Pilot project to return endangered salmon to their historic habitat underway

State and federal biologists and engineers, in partnership with the Winnemem Wintu Tribe, have begun testing an experimental system in Shasta Reservoir that could help collect young salmon from the McCloud River in future years.

The Juvenile Salmonid Collection System, a pilot project six years in the making, is part of a long-term effort to help fish better survive California’s hotter, drier future and more extreme droughts. The collection system will float in the McCloud River arm of the reservoir and guide cold water toward a collection point, with this cold water flowing down from the Shasta-Trinity National Forest. The initial testing, which will run from September to mid-November, will not involve salmon but will use temperature and hydraulic measurements to assess the operation and performance of the collection system.

If successful, the system will be tested in future years with salmon to determine its efficacy and if it can be a critical part of winter-run salmon reintroduction. Biologists expect that juvenile salmon will follow the colder water to that collection point, where they can be retrieved and transported downstream around the dam to continue their migration to the ocean.

Recovery plans call for returning endangered Chinook salmon to their original spawning grounds in the cold McCloud River above Shasta Reservoir, where the fish may better survive drought and climate change. Juvenile salmon hatched in the river need to be collected as they migrate downstream before or just after they enter the reservoir that is home to warmer waters and predators.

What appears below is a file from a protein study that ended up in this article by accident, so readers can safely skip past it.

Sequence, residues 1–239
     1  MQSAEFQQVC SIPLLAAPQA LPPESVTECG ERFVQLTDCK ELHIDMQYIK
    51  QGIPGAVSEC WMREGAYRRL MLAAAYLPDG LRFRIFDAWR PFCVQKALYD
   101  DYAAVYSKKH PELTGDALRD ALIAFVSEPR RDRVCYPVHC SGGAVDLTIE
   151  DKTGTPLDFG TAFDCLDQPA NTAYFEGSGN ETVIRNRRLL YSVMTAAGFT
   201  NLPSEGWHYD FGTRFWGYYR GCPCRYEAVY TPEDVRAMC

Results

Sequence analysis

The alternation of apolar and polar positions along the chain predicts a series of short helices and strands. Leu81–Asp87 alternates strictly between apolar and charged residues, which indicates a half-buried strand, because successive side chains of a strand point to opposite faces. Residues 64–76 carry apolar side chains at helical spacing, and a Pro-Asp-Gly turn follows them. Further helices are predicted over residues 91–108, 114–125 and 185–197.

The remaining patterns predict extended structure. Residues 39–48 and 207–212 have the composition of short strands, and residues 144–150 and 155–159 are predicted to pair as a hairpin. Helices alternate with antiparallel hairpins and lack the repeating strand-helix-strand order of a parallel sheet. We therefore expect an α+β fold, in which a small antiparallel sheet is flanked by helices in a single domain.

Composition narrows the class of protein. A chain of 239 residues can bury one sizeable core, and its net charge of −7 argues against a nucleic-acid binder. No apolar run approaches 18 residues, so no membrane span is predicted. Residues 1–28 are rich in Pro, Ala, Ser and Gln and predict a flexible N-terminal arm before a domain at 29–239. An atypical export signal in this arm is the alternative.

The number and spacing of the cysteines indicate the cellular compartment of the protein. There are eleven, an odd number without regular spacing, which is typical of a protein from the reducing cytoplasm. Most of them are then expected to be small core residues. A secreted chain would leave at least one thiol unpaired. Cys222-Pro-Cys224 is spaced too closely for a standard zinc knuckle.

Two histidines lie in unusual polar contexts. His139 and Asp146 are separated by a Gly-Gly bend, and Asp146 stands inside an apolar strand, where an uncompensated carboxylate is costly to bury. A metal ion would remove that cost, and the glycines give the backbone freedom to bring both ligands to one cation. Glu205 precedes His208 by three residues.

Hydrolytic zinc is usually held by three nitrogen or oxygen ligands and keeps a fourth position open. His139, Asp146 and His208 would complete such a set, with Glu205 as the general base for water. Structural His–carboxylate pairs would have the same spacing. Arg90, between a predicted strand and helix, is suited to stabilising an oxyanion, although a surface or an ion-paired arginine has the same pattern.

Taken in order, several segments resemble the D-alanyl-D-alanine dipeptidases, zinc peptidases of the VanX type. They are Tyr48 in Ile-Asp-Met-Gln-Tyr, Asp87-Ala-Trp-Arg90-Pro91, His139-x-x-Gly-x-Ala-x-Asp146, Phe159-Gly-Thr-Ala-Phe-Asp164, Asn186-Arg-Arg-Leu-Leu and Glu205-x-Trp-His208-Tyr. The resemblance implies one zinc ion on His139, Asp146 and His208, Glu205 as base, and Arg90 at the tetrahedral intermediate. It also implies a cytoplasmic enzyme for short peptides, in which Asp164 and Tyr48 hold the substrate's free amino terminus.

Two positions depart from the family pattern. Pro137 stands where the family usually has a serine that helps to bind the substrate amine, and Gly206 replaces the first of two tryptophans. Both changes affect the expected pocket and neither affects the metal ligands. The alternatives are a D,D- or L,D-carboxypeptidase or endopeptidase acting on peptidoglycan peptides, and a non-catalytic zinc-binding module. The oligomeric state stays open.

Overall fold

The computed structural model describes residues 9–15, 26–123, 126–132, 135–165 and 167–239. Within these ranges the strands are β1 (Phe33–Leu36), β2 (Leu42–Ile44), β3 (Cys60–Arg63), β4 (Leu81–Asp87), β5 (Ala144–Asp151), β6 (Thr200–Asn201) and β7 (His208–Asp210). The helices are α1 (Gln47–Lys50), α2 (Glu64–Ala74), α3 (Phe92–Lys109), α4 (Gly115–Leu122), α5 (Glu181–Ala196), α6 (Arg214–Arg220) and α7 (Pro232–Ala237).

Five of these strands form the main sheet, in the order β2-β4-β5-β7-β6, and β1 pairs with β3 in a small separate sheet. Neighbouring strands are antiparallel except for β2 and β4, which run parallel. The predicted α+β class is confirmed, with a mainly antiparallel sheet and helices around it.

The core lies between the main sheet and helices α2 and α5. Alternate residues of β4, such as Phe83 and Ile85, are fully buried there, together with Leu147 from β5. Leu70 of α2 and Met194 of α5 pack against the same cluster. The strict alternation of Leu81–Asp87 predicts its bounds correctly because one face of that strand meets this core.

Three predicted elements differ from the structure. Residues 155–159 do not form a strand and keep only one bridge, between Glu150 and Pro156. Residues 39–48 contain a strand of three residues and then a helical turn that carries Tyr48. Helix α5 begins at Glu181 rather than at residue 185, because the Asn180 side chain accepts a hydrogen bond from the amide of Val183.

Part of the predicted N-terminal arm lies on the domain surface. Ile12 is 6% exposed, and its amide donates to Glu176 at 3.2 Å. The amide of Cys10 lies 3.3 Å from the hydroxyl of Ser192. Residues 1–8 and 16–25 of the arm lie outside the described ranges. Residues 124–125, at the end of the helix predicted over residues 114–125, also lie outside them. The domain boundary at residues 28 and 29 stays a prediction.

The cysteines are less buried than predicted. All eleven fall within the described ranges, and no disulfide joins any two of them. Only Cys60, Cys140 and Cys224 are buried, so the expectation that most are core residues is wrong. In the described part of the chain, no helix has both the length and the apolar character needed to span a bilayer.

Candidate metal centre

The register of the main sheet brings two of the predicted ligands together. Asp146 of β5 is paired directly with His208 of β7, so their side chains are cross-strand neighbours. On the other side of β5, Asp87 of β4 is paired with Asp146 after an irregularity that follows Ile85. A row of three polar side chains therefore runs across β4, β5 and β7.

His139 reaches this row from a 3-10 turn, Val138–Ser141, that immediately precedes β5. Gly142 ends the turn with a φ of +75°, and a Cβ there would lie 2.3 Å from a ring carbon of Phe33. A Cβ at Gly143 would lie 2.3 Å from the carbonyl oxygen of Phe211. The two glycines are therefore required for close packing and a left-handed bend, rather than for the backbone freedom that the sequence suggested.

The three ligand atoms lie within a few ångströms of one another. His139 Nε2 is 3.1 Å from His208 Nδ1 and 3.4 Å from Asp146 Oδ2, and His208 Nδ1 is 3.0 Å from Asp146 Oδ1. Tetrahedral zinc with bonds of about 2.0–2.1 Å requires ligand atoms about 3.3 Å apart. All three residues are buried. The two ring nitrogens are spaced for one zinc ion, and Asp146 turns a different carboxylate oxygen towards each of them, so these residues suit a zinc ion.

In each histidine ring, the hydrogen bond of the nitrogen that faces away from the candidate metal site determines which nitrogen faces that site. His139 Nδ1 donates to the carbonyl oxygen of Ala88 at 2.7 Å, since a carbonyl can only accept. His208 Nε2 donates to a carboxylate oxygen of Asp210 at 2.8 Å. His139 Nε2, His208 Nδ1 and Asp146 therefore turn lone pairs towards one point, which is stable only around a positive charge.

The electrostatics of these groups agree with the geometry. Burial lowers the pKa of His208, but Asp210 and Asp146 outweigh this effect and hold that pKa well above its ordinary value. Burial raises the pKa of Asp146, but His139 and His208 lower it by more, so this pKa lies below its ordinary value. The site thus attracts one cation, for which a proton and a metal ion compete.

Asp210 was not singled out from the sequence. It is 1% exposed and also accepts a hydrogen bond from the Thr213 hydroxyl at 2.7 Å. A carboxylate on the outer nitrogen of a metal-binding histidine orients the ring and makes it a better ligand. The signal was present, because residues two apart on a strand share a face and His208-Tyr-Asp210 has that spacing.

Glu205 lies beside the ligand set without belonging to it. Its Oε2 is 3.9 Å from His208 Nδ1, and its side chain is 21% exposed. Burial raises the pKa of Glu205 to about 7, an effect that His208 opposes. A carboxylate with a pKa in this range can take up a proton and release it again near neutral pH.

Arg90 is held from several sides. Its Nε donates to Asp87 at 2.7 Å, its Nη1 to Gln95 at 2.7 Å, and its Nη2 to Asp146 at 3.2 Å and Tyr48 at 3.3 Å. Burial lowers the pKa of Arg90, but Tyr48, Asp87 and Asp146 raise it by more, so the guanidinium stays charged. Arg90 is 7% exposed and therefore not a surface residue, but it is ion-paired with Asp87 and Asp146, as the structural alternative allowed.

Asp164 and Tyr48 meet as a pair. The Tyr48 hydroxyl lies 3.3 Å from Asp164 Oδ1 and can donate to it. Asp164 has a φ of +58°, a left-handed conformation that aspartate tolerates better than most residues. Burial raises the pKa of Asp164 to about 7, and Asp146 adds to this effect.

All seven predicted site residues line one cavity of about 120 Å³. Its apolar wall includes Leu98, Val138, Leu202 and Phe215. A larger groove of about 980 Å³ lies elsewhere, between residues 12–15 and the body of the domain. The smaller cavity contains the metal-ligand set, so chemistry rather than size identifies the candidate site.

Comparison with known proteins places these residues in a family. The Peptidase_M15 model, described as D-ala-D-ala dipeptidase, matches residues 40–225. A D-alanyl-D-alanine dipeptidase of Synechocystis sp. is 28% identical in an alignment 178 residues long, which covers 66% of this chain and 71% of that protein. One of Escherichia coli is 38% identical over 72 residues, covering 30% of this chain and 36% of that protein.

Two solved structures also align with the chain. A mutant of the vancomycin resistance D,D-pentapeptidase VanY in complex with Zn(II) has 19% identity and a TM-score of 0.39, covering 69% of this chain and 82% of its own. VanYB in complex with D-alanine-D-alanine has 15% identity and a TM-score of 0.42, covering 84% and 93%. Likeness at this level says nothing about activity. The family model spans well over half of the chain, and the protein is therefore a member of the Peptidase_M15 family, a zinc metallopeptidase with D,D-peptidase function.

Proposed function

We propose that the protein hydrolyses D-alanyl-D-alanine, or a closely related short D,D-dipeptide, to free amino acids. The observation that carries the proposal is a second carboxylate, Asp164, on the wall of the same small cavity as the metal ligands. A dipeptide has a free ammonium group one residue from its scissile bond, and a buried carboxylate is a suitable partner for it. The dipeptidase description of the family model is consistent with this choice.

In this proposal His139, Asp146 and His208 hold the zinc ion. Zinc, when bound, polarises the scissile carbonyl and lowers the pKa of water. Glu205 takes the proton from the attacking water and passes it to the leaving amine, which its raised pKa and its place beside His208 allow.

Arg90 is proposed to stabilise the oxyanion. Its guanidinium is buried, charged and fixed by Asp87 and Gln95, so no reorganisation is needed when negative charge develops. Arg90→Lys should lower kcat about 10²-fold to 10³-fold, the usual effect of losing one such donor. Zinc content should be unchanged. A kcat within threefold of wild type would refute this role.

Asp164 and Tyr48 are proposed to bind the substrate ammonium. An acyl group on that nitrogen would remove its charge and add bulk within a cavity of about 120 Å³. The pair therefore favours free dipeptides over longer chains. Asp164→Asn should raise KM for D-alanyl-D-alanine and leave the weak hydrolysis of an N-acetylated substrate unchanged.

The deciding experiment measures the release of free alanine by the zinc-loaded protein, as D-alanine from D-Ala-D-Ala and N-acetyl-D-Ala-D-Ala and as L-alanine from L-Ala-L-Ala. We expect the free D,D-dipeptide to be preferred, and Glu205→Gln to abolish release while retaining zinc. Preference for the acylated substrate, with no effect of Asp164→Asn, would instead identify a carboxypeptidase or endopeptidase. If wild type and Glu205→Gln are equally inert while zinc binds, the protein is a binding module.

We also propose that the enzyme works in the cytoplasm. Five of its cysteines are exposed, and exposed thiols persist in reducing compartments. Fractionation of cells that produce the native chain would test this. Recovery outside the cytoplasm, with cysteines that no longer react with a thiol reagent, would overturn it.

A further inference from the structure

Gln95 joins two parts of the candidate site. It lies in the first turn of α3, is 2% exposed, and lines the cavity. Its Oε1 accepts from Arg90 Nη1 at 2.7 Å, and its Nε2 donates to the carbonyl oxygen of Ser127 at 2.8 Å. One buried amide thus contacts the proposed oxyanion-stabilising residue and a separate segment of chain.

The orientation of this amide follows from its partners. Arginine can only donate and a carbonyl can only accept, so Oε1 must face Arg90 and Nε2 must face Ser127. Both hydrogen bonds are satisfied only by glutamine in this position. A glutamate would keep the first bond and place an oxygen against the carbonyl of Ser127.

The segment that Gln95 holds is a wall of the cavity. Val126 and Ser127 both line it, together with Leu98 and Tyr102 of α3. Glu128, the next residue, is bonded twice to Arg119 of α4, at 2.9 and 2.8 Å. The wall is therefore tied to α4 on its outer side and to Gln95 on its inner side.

Reintroduction efforts strive to reestablish endangered winter-run salmon in colder, high-elevation rivers where they once spawned before reservoirs blocked their migration. This would improve their resilience to a changing climate and could allow for more flexibility in managing water in the Sacramento River.

An important component of the project has been the commitment of state, federal, and regional authorities to Tribal engagement. Strategic efforts and planning have been enhanced with the support and commitment to developing a partnership with the Winnemem Wintu Tribe. The participation of the Winnemem Wintu Tribe brings unique perspectives and incorporates Tribal knowledge to the project.

“DWR is excited about the strong state, federal, and Tribal partnerships that are beginning to test the Juvenile Salmon Collection System,” said Karla Nemeth, DWR Director. “This team effort is critical in supporting salmon and their adaptation to our climate-driven hotter, drier future.”

The testing of the system will require intermittent restricted access for boats in the upper McCloud Arm of the reservoir, as the system spans the entire channel.

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